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Speleology in Kazakhstan

Shakalov on 04 Jul, 2018
Hello everyone!   I pleased to invite you to the official site of Central Asian Karstic-Speleological commission ("Kaspeko")   There, we regularly publish reports about our expeditions, articles and reports on speleotopics, lecture course for instructors, photos etc. ...

New publications on hypogene speleogenesis

Klimchouk on 26 Mar, 2012
Dear Colleagues, This is to draw your attention to several recent publications added to KarstBase, relevant to hypogenic karst/speleogenesis: Corrosion of limestone tablets in sulfidic ground-water: measurements and speleogenetic implications Galdenzi,

The deepest terrestrial animal

Klimchouk on 23 Feb, 2012
A recent publication of Spanish researchers describes the biology of Krubera Cave, including the deepest terrestrial animal ever found: Jordana, Rafael; Baquero, Enrique; Reboleira, Sofía and Sendra, Alberto. ...

Caves - landscapes without light

akop on 05 Feb, 2012
Exhibition dedicated to caves is taking place in the Vienna Natural History Museum   The exhibition at the Natural History Museum presents the surprising variety of caves and cave formations such as stalactites and various crystals. ...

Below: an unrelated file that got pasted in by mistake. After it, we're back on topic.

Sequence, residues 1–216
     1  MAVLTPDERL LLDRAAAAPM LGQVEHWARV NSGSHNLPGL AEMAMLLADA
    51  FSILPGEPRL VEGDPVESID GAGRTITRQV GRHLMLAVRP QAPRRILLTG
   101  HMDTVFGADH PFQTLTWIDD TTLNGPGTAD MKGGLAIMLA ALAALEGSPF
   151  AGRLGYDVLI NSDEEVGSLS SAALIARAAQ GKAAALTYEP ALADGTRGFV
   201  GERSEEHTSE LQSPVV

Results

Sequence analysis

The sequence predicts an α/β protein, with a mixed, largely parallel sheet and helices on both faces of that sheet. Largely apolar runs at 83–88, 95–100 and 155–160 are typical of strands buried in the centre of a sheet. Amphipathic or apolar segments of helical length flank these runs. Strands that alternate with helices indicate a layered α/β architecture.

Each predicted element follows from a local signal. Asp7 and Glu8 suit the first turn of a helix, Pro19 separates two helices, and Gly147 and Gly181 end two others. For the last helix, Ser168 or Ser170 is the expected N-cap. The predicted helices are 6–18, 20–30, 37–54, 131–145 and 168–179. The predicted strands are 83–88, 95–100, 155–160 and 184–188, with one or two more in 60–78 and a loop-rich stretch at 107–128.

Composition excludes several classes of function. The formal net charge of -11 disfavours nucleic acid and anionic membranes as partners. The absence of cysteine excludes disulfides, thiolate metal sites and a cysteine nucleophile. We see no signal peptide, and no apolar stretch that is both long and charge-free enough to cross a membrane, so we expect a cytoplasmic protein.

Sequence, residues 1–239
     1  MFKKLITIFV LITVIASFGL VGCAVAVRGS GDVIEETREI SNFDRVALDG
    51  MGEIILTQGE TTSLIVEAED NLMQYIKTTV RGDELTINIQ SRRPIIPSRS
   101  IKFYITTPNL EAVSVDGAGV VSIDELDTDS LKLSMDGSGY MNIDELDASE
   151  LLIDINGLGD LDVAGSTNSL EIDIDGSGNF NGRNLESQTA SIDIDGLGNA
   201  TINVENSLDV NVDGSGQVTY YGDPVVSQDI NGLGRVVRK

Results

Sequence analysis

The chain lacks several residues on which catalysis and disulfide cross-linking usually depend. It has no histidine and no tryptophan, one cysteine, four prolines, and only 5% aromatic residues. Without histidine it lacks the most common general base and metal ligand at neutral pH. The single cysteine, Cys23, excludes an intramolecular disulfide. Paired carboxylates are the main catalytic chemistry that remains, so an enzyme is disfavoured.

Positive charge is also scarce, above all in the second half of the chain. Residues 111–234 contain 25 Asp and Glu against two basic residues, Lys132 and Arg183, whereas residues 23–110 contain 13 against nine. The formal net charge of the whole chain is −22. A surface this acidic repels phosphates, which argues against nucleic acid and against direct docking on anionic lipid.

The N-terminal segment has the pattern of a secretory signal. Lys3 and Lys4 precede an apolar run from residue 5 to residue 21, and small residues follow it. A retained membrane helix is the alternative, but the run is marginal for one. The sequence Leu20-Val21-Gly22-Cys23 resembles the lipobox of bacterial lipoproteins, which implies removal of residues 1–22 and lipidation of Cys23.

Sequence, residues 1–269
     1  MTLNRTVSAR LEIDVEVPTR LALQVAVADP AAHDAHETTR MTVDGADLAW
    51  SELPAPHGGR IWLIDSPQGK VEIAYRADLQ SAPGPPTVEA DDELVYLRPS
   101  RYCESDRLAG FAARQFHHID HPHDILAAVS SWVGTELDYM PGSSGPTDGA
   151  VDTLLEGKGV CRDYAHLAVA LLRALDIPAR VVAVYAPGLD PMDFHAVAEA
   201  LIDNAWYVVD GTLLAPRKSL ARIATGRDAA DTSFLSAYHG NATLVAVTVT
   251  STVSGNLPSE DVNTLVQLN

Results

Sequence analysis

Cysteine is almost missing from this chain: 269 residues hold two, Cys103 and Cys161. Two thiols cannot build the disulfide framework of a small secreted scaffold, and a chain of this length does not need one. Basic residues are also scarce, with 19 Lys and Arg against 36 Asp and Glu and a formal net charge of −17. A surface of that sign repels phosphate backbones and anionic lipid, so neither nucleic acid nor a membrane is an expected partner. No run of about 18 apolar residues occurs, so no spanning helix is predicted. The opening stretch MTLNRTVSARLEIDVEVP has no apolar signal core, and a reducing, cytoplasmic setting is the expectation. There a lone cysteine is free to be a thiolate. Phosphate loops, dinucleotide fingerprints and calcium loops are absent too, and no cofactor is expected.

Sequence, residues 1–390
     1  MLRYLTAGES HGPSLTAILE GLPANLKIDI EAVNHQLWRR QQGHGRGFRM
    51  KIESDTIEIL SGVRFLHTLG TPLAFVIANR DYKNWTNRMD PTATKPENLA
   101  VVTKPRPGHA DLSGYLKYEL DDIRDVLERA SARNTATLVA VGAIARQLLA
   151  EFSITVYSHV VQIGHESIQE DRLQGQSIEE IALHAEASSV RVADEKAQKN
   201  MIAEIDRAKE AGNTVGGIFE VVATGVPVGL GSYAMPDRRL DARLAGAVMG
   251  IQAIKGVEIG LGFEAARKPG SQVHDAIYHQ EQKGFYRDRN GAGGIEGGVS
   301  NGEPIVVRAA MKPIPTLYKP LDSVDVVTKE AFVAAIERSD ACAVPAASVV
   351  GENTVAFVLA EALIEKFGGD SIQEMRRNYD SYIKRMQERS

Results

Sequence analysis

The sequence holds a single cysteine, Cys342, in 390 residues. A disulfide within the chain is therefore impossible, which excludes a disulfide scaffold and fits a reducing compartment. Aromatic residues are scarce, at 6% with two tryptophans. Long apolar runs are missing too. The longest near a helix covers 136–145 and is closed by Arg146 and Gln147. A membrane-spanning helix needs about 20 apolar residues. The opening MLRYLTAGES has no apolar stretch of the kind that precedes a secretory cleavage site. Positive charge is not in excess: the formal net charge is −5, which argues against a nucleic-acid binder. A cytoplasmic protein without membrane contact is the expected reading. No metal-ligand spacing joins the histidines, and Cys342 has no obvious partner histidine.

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That fall is the gross slope of a river [16].?

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KarstBase a bibliography database in karst and cave science.

Featured articles from Cave & Karst Science Journals
Chemistry and Karst, White, William B.
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Featured articles from other Geoscience Journals
Karst environment, Culver D.C.
Mushroom Speleothems: Stromatolites That Formed in the Absence of Phototrophs, Bontognali, Tomaso R.R.; D’Angeli Ilenia M.; Tisato, Nicola; Vasconcelos, Crisogono; Bernasconi, Stefano M.; Gonzales, Esteban R. G.; De Waele, Jo
Calculating flux to predict future cave radon concentrations, Rowberry, Matt; Marti, Xavi; Frontera, Carlos; Van De Wiel, Marco; Briestensky, Milos
Microbial mediation of complex subterranean mineral structures, Tirato, Nicola; Torriano, Stefano F.F;, Monteux, Sylvain; Sauro, Francesco; De Waele, Jo; Lavagna, Maria Luisa; D’Angeli, Ilenia Maria; Chailloux, Daniel; Renda, Michel; Eglinton, Timothy I.; Bontognali, Tomaso Renzo Rezio
Evidence of a plate-wide tectonic pressure pulse provided by extensometric monitoring in the Balkan Mountains (Bulgaria), Briestensky, Milos; Rowberry, Matt; Stemberk, Josef; Stefanov, Petar; Vozar, Jozef; Sebela, Stanka; Petro, Lubomir; Bella, Pavel; Gaal, Ludovit; Ormukov, Cholponbek;
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Your search for stalactite (Keyword) returned 103 results for the whole karstbase:
Showing 1 to 15 of 103
Concerning the Rate of Formation of Stalactites, 1931, Ellis Rw,

Formation and Mineralogy of Stalactites and Stalagmites, 1950, Hicks, Forrest L.

Hexagonal Stalactite from Rushmore Cave, South Dakota, 1962, Bassett William A. , Bassett Allen M.

The Growth of Stalactites, 1962, Moore, George W.

Stalactite, 1962, Worm, Olao

Karst-hydrological researches in Hungarian caves., 1965, Kessler Hubert